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  (Scott Rothstein/iStockphoto)

 

(Scott Rothstein/iStockphoto)

Monitoring bonds

Monitoring interest rates Add to ...

​If you plan to sell a bond before it matures, you’ll need to consider interest rates. In general, when interest rates rise, bond prices fall. When interest rates fall, bond prices rise. Learn more about how interest rates affect bond prices.

When interest rates fall

If interest rates fall and you decide to sell a bond, you may be able to get more for it than you paid.

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Example – You invest $5,000 in a 5-year corporate bond. It pays interest at 6%. After 2 years, interest rates drop to 5%, and you decide to sell the bond for $5,138.

This table shows your return on investment:

​Increase in value of bond   ​$138
​Interest earned over 2 years+ ​$600
​Total return on investment= ​$738

If you don’t sell, you’ll keep getting interest payments. However, if you reinvest that money, you’ll make less interest on it.

When interest rates rise

When rates are up, you’ll likely get less for your bond than you paid for it. In other words, you’ll be selling it at a discount.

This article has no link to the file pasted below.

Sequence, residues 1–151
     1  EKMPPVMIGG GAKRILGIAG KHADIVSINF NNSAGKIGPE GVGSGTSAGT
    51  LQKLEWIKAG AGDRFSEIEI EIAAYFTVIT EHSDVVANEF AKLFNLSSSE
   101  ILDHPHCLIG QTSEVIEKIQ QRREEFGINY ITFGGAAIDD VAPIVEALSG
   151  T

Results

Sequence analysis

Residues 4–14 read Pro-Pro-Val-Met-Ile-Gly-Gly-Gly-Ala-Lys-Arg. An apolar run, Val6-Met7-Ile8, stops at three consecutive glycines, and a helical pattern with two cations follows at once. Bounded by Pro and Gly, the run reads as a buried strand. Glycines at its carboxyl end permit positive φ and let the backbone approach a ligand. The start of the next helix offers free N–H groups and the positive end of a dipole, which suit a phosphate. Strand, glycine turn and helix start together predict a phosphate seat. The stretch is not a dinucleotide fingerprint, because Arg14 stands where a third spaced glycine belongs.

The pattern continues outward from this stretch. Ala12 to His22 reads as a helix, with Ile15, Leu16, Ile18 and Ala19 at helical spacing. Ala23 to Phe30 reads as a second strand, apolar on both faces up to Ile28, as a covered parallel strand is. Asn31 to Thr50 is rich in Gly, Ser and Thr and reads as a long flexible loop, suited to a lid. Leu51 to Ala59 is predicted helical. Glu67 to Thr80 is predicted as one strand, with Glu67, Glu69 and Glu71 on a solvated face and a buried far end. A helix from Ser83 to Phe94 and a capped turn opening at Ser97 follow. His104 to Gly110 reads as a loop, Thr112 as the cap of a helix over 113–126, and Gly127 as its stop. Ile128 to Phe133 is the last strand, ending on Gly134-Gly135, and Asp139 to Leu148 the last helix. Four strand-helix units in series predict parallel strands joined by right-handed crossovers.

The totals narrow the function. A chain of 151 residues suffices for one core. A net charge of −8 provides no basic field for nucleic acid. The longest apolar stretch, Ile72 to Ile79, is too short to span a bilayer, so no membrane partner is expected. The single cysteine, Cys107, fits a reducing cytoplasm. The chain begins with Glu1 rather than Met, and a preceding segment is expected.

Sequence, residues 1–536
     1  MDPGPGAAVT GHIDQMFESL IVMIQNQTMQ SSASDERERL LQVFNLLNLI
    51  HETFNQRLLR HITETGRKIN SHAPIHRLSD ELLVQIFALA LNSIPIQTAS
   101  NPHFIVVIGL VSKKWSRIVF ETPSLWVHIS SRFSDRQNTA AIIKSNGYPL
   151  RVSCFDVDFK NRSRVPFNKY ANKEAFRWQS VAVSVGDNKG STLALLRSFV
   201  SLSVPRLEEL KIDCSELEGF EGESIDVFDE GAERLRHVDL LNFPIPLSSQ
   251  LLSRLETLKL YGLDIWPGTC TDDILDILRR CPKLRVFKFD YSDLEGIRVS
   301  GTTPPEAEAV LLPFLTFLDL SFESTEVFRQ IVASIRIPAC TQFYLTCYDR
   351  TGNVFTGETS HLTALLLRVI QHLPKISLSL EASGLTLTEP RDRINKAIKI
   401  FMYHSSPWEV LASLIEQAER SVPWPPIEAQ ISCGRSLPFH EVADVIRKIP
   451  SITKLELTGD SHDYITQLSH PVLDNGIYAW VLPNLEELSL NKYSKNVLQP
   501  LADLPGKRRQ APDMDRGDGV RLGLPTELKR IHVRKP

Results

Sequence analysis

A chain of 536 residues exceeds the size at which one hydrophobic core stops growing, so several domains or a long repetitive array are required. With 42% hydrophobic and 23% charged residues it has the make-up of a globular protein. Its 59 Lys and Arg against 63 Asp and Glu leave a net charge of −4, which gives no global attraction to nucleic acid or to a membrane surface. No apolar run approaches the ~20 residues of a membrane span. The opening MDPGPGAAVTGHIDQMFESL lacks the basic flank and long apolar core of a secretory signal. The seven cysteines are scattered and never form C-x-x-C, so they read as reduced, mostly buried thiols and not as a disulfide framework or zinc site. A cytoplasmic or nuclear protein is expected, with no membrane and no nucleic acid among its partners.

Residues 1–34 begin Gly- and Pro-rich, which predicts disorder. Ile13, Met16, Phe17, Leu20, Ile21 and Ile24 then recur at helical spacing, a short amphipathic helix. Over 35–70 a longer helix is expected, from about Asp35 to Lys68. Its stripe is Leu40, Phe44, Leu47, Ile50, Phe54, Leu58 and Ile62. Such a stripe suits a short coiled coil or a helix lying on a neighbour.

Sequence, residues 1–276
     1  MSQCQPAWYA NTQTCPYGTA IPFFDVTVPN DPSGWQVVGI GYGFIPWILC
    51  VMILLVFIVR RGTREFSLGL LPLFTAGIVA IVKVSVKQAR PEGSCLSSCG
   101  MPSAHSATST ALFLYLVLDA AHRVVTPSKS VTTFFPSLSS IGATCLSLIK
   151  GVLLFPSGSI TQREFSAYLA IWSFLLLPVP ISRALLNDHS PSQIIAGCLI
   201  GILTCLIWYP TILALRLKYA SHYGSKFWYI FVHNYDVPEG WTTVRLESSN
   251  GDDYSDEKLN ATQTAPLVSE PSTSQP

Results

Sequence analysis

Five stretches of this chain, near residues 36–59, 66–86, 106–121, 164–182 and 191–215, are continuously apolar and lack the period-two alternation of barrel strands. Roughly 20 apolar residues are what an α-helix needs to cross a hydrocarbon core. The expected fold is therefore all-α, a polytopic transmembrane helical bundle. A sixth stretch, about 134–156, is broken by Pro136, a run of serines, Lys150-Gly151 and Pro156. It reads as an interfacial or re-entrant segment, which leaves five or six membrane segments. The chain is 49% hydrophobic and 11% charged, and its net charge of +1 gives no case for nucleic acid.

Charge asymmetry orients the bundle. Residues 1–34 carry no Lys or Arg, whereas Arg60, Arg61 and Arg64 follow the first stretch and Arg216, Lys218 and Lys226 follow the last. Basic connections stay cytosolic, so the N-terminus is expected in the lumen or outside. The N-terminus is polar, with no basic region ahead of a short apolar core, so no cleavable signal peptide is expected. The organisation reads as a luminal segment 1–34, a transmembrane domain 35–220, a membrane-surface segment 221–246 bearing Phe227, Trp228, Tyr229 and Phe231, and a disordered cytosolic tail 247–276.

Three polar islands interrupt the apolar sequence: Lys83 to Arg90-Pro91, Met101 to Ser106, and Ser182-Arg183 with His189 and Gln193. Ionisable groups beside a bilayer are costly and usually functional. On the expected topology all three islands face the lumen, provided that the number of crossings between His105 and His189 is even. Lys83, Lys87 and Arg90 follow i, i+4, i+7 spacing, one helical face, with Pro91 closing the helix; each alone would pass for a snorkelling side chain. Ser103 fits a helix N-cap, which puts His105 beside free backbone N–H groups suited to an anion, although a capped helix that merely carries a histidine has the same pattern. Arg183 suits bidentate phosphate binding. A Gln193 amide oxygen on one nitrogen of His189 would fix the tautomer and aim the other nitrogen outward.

Example – You buy a 5-year, $5,000 bond paying 6% interest. After 2 years, interest rates rise to 7%, and you have to sell your bond for $4,867.

This table shows your return on investment:

Decrease in value of bond - ​$133
Interest earned over 2 years+ ​$600
​Total return on investment= ​$467

If you don’t sell, you’ll keep getting interest payments. If you reinvest that money, you’ll make more interest on it.

Content in this section is provided in partnership with Investor Education Fund, a non-profit organization founded and supported by the Ontario Securities Commission that provides unbiased and independent financial tools to help Canadians make better money decisions. To find out more, go to: GetSmarterAboutMoney.ca

 

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